I send your pedometer. To the loop at the bottom of it, you must sew a tape, and at the other end of the tape, a small hook … cut a little hole in the bottom of your left watch pocket, pass the hook and tape through it, and down between the breeches and drawers, and fix the hook on the edge of your knee band, an inch from the knee buckle; then hook the instrument itself by its swivel hook, on the upper edge of the watch pocket. Your tape being well adjusted in length, your double steps will be exactly counted by the instrument, the shortest hand pointing out the thousands, the flat hand the hundreds, and the long hand the tens and units …”
Thomas Jefferson to James Madison, May 3, 1788
Padover’s The Complete Jefferson, P. 969-970
Patrick Lee’s Explanation
Thomas Jefferson loved to measure things! Here he told his good friend how to rig a pedometer.
A dial-type counter (imagine a watch with hour, minute and second hands) could be adapted to this cause. Each tug on the counter’s mechanism caused “the long hand” to advance by one. The counter was secured to the inside top of a man’s watch pocket. A hook was attached near the bottom of a man’s knee pants. A tape (or string), threaded completely inside one’s clothes, connected the two. Once adjusted for the proper tension, the counter would advance by one each time that leg took a step. Multiply that by two gave the number of steps. Multiply that by the length of one’s stride (yet another thing to measure!) gave the distance covered.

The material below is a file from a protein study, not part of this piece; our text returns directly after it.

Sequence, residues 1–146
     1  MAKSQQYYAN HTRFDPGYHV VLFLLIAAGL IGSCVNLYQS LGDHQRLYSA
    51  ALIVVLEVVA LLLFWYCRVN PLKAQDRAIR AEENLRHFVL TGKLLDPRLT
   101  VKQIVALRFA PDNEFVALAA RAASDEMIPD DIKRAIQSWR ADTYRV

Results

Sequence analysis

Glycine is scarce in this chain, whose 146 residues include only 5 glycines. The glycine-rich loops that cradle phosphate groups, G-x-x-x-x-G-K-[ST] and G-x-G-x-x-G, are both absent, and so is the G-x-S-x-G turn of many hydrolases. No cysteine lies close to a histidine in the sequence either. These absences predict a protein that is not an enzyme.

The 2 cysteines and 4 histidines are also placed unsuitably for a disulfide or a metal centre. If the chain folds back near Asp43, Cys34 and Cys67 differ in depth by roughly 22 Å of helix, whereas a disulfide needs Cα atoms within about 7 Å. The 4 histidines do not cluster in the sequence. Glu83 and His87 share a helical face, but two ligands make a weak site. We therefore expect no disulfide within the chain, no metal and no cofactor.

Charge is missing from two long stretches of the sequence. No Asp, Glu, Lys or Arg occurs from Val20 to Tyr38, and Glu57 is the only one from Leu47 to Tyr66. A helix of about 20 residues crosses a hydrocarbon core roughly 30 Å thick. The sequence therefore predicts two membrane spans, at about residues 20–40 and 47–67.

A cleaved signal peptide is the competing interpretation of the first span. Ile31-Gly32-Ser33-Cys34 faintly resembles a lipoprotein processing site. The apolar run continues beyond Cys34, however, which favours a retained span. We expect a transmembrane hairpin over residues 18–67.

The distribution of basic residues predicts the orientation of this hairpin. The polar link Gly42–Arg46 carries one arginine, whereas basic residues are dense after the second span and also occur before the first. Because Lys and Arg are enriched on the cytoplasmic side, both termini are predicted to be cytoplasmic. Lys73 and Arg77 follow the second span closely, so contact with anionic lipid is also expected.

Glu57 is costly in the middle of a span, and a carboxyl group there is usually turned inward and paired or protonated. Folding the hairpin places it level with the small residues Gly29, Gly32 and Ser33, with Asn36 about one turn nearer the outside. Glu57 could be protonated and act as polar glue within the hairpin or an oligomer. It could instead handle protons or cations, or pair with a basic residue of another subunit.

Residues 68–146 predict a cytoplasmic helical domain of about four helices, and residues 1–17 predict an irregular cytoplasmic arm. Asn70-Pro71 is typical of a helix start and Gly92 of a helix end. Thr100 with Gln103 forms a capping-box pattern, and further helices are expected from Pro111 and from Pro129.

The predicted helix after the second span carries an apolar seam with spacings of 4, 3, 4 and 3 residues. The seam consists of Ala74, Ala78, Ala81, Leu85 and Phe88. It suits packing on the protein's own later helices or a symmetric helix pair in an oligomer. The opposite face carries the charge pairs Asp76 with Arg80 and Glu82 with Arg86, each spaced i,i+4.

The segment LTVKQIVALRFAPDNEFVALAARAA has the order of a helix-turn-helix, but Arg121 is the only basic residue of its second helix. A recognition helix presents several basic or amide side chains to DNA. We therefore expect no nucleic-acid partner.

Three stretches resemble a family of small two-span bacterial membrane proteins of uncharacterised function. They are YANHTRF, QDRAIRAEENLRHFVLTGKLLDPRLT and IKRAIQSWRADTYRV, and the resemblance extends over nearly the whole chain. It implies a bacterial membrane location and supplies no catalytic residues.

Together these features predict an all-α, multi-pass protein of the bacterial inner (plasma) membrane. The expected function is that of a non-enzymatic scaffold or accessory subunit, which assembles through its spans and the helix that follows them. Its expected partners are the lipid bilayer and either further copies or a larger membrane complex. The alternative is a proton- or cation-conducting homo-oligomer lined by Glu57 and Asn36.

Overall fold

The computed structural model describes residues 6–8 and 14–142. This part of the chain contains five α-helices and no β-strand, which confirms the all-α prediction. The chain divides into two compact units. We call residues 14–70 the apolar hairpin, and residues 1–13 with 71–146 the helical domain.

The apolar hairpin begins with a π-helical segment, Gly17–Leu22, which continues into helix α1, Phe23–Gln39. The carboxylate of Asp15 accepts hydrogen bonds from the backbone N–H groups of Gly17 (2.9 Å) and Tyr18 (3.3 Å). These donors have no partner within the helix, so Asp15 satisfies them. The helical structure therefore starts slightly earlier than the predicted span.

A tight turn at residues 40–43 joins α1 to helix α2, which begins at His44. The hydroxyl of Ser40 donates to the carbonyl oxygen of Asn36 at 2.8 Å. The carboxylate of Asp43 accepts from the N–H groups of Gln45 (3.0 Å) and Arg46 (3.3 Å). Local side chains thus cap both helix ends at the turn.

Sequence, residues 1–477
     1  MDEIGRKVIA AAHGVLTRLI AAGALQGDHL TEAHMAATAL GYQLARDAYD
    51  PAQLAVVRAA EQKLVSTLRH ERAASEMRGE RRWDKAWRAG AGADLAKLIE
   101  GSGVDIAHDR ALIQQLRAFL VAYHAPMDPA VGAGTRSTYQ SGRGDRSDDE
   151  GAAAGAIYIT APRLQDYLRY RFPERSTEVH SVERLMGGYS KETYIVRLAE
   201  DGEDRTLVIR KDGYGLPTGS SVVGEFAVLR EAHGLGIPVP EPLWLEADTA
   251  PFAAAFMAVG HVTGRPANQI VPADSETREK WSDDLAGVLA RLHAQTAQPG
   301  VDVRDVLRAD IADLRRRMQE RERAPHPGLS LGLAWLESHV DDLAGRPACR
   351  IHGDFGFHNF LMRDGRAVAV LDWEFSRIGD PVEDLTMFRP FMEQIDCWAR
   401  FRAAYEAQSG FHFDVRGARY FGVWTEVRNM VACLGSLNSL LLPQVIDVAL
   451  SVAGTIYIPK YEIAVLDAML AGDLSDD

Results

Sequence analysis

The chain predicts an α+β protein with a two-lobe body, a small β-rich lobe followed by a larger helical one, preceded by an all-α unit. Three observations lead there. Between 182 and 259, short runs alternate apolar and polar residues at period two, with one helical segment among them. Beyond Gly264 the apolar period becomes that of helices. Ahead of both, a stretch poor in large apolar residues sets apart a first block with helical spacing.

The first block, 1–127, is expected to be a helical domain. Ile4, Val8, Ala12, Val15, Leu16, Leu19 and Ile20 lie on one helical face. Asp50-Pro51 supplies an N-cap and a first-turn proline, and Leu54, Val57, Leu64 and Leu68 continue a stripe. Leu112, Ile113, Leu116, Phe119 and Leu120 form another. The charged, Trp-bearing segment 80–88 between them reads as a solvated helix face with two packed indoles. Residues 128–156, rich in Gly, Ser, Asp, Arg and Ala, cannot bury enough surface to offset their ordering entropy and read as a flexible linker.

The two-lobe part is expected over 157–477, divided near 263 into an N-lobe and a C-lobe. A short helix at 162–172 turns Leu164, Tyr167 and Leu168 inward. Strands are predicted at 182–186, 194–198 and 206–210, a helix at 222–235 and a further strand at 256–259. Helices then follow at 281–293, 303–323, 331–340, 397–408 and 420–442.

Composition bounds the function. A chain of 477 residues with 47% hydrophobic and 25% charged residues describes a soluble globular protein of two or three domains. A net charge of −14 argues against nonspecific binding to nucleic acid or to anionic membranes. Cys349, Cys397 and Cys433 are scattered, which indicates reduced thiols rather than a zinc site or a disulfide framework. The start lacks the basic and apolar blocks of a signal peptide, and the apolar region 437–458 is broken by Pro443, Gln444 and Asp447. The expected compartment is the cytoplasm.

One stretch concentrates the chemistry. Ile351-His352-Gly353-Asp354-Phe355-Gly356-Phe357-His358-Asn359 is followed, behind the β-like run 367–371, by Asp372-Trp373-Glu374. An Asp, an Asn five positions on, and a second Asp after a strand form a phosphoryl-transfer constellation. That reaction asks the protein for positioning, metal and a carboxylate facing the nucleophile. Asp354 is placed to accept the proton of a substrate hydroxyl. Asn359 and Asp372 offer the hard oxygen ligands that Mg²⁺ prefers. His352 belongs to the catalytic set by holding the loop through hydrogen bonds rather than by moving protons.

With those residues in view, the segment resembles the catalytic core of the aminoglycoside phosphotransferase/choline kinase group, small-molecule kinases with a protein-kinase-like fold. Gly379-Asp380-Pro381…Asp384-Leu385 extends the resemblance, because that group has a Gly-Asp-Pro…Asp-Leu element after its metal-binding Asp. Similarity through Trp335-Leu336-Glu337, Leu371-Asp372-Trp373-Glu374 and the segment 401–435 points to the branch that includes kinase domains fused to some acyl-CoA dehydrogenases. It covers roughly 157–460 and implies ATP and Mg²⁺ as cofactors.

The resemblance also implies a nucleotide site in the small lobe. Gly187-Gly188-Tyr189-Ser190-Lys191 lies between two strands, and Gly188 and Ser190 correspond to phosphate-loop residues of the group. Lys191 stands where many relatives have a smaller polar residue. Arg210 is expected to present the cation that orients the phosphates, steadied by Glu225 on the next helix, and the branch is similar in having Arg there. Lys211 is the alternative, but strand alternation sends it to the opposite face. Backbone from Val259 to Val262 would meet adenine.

Jefferson was 6′ 2 1/2″ tall, Madison only 5′ 4″. Obviously, one size tape did not fit all!
Jefferson extolled the virtues of walking. (“Walking is the best possible exercise. Habituate yourself to walk very far,” he wrote to his nephew Peter Carr in 1785. Foley, 2830)
With a pedometer, he could know just how far he’d gone.
Thomas Jefferson has practical observations for you!
Invite him to speak. Call Patrick Lee at 574-657-2739.